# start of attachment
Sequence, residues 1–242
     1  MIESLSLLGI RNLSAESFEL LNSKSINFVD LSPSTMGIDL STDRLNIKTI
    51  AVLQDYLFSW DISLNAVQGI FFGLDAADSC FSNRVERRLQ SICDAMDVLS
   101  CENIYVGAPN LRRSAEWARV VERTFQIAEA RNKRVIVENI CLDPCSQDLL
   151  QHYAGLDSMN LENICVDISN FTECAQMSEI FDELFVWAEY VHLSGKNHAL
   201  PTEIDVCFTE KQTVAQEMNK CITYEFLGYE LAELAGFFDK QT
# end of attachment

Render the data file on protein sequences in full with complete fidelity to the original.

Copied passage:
Sequence, residues 1–242
     1  MIESLSLLGI RNLSAESFEL LNSKSINFVD LSPSTMGIDL STDRLNIKTI
    51  AVLQDYLFSW DISLNAVQGI FFGLDAADSC FSNRVERRLQ SICDAMDVLS
   101  CENIYVGAPN LRRSAEWARV VERTFQIAEA RNKRVIVENI CLDPCSQDLL
   151  QHYAGLDSMN LENICVDISN FTECAQMSEI FDELFVWAEY VHLSGKNHAL
   201  PTEIDVCFTE KQTVAQEMNK CITYEFLGYE LAELAGFFDK QT